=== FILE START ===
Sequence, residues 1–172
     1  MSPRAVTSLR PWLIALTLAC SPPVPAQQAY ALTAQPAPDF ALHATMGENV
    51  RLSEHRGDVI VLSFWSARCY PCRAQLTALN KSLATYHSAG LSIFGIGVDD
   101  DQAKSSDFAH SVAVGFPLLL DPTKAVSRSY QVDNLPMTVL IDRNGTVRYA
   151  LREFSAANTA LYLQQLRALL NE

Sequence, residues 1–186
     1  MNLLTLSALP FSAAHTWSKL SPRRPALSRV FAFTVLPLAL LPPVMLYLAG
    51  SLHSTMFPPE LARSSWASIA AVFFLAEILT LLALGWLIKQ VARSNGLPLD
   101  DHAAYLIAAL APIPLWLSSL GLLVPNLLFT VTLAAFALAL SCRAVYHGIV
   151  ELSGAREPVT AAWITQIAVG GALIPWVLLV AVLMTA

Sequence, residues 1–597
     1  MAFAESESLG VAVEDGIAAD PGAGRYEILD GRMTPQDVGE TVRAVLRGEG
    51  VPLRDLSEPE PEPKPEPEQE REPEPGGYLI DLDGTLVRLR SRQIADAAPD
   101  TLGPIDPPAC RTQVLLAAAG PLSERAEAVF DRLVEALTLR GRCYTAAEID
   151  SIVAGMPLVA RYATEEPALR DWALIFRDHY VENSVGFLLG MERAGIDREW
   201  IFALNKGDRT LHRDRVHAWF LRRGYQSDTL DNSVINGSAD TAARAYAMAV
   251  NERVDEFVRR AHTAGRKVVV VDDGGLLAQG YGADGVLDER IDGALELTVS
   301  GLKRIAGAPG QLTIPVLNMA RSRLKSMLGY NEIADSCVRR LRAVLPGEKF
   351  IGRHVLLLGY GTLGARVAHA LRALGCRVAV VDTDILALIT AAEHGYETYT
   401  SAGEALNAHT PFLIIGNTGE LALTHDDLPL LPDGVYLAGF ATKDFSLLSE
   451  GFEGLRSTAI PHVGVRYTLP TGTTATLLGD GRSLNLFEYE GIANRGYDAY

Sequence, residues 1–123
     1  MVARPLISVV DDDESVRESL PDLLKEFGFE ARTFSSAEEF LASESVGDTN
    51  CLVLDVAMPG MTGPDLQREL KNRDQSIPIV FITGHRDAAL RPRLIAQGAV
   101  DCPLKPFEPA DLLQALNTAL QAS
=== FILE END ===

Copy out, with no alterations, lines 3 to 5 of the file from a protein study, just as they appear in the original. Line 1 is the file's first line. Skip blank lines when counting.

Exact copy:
    51  RLSEHRGDVI VLSFWSARCY PCRAQLTALN KSLATYHSAG LSIFGIGVDD
   101  DQAKSSDFAH SVAVGFPLLL DPTKAVSRSY QVDNLPMTVL IDRNGTVRYA
   151  LREFSAANTA LYLQQLRALL NE